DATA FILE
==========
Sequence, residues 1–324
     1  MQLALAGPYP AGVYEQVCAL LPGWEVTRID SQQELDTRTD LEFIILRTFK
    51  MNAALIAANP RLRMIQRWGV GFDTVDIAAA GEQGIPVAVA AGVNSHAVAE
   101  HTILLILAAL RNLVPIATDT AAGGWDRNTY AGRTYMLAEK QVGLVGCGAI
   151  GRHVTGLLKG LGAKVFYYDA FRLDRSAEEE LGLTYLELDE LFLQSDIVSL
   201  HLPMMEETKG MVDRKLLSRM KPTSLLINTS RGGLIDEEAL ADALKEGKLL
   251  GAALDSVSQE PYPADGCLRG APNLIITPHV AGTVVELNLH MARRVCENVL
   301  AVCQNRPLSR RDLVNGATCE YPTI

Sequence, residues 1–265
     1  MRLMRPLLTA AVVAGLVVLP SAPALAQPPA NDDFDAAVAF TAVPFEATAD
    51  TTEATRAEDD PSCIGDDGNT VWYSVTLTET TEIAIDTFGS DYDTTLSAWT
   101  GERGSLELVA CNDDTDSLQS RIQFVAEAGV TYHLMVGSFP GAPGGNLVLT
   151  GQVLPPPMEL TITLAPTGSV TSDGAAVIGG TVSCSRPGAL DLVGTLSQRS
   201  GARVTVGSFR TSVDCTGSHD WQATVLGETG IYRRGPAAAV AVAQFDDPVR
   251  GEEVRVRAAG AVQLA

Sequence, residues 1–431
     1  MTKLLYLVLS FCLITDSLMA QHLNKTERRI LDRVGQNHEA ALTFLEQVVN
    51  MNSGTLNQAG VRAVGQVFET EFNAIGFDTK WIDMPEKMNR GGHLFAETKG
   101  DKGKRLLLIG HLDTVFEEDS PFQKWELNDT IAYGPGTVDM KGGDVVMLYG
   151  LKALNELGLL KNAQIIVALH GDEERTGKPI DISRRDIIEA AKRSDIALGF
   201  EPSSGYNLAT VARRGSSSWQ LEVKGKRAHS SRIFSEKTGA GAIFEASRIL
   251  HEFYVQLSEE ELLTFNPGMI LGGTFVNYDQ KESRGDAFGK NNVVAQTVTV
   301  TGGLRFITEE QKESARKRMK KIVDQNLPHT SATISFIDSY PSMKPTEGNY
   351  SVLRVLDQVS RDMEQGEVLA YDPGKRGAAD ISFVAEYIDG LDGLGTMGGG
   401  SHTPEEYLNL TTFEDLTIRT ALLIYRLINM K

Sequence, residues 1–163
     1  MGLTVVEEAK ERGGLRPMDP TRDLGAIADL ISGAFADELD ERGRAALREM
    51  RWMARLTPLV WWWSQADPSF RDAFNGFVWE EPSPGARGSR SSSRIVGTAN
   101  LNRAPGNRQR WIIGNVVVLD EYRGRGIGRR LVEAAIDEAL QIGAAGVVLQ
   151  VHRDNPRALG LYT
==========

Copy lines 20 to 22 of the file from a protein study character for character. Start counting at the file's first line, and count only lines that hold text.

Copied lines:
   151  LKALNELGLL KNAQIIVALH GDEERTGKPI DISRRDIIEA AKRSDIALGF
   201  EPSSGYNLAT VARRGSSSWQ LEVKGKRAHS SRIFSEKTGA GAIFEASRIL
   251  HEFYVQLSEE ELLTFNPGMI LGGTFVNYDQ KESRGDAFGK NNVVAQTVTV